1. What was your impression of In the Night Time (Before the Sun Rises) when you first read it?
Original and intriguing. There are no stage directions or indications of staging at all which is always exciting.
2. Tell us about how you worked with the Director Ben Kidd to develop the design?
Partly due to the above, it was a big (fun) journey, we interrogated the design in-depth. Often having endless possibilities can be much more challenging than working within restrictions. It wasn't a case of knowing exactly what we wanted to do – there were many options we wanted to explore. We also worked closely with the rest of the creative team to create a lighting aesthetic and sound world that felt integral to what we were creating.
3. What detail in the design for the production are you most proud of?
Simplicity of image, and allowing room for ideas/images to develop in rehearsals. I enjoy creating spaces that give possibilities for play.
4. How did you get into design?
I was waitressing in a place in Forest Hill having just finished a drama degree, and got offered a job by a producer to design a musical version of A Clockwork Orange. I had to google how to make a model box. After a few years of blagging it, I trained on the Motley Theatre design course.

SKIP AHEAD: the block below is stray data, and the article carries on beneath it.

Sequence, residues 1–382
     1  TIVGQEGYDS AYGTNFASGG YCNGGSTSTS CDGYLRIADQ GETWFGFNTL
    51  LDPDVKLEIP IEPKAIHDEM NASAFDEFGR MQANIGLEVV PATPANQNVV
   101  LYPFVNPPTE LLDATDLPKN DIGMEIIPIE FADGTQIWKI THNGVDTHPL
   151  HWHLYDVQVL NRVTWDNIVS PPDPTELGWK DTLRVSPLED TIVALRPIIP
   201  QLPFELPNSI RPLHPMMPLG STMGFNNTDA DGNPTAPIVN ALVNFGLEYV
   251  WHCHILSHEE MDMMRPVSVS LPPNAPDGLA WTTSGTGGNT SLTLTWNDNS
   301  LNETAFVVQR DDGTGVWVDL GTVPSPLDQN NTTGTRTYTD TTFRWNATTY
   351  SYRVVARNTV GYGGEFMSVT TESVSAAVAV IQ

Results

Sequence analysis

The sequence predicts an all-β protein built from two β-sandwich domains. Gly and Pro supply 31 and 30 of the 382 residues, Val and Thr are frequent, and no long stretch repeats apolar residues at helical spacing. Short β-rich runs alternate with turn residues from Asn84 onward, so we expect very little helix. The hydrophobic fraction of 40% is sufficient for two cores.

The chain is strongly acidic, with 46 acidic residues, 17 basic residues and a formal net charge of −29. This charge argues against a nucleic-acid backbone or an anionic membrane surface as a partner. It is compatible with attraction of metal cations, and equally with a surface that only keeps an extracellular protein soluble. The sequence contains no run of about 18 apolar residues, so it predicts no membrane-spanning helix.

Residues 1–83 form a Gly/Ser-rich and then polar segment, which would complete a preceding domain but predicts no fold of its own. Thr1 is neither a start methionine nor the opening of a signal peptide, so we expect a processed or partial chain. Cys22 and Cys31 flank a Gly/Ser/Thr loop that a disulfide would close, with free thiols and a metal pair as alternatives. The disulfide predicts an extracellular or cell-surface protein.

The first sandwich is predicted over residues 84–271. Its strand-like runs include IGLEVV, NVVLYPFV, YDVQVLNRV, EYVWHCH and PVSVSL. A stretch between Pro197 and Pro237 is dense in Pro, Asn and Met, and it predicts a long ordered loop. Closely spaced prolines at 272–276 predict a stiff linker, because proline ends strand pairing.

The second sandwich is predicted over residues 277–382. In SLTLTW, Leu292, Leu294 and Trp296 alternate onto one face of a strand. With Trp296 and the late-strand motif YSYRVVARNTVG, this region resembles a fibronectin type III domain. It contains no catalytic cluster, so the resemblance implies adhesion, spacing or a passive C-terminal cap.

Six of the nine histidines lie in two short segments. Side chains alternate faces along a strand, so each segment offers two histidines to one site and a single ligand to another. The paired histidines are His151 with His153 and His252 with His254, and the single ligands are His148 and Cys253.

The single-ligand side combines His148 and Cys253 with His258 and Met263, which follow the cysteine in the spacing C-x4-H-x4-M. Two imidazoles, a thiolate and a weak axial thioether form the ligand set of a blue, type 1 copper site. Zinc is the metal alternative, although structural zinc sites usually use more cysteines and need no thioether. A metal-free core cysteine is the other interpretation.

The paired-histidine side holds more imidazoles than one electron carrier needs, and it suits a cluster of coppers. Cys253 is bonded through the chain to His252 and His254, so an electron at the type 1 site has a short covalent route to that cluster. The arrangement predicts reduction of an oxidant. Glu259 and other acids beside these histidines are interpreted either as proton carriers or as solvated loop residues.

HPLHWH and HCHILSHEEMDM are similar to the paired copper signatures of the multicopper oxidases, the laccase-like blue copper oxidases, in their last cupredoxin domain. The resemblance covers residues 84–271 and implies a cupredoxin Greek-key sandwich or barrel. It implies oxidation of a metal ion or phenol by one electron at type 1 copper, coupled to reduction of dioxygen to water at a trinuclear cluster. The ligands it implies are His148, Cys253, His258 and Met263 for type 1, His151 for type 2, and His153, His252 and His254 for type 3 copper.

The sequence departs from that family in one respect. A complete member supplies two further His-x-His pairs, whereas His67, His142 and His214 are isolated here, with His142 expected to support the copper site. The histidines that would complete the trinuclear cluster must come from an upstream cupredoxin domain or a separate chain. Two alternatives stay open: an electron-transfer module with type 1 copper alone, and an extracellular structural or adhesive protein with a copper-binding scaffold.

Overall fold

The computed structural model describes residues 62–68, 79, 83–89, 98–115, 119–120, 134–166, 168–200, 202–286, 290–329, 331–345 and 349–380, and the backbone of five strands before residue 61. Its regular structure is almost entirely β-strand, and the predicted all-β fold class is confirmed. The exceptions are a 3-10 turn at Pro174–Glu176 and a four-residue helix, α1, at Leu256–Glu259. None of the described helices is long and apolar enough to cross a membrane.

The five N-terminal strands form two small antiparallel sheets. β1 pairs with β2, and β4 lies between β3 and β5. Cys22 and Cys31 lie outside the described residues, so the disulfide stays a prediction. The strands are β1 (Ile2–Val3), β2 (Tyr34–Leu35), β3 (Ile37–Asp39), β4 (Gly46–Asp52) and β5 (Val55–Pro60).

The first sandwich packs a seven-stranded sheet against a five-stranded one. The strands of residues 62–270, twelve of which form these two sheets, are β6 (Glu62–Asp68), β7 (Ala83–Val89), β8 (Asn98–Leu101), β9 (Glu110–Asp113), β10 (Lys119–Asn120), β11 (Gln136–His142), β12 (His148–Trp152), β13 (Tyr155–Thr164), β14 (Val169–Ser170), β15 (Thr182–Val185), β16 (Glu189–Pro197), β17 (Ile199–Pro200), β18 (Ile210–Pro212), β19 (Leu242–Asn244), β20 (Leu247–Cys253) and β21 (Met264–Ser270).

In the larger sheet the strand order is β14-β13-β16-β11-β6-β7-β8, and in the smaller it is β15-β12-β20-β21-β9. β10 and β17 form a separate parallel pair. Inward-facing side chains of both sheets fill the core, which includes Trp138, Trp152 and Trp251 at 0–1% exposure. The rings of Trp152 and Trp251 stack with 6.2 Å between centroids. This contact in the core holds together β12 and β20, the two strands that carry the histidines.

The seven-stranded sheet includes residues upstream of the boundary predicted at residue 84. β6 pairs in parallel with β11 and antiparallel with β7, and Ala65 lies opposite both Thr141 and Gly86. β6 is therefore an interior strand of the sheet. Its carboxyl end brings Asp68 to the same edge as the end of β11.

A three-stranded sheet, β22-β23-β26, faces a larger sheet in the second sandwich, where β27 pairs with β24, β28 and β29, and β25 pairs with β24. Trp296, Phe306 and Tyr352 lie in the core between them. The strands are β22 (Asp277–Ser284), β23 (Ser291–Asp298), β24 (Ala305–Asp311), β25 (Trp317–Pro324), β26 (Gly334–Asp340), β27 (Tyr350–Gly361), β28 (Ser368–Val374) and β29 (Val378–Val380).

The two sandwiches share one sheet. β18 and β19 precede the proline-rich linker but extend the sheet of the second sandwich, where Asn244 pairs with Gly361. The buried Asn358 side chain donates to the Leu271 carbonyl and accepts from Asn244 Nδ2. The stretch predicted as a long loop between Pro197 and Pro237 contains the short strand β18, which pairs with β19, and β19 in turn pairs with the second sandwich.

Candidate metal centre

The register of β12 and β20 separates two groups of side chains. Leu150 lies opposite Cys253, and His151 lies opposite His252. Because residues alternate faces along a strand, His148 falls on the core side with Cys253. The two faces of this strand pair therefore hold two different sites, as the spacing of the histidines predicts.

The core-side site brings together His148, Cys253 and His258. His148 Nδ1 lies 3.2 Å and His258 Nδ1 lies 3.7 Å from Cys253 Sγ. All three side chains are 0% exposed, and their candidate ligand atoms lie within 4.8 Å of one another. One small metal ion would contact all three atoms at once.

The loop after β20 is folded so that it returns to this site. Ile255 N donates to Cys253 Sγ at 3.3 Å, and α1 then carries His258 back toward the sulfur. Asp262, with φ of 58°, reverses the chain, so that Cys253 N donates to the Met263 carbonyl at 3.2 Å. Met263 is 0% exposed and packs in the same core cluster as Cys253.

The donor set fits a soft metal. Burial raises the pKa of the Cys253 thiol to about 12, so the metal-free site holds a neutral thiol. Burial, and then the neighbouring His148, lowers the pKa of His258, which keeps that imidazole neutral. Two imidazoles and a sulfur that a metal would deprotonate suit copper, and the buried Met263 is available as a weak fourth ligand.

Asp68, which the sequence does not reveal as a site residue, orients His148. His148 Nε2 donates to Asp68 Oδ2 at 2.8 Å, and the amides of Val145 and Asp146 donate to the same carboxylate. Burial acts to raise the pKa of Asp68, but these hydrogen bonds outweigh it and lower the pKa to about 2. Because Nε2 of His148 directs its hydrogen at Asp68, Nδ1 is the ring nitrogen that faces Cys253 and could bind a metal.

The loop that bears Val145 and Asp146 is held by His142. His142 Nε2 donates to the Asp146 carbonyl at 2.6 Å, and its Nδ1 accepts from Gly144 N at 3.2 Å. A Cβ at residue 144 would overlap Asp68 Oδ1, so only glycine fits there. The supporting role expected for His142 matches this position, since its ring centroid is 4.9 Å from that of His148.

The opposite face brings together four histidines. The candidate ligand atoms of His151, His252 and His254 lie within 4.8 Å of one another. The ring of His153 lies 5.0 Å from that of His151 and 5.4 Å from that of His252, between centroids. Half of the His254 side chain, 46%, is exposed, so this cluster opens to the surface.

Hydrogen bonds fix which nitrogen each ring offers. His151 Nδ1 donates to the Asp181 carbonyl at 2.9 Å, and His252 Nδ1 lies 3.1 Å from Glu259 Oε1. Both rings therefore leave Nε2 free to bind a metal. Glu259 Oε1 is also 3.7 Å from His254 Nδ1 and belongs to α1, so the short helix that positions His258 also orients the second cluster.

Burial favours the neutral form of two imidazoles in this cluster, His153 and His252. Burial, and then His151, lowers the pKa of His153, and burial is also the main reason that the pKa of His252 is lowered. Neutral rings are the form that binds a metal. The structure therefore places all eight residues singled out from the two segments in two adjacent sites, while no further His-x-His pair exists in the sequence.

5. What’s the most exciting thing about being a designer? And what are the challenges?
The biggest challenge for designers is probably the low pay. The most exciting thing for me is the collaboration. Developing successful working relationships within creative teams can be incredibly rewarding and in my experience often makes the best work.
6. Is there a production that you wish you had been involved with?
Einstein on the Beach by Robert Wilson & Phillip Glass. Bit before my time, but it's an incredible production that I'm totally in awe of. It did come back in London a few years ago, luckily, and I paid a silly amount of money for a ticket.
The role of Designer is funded by the Jerwood Charitable Foundation, as part of the Jerwood Young Designers Programme at the Gate.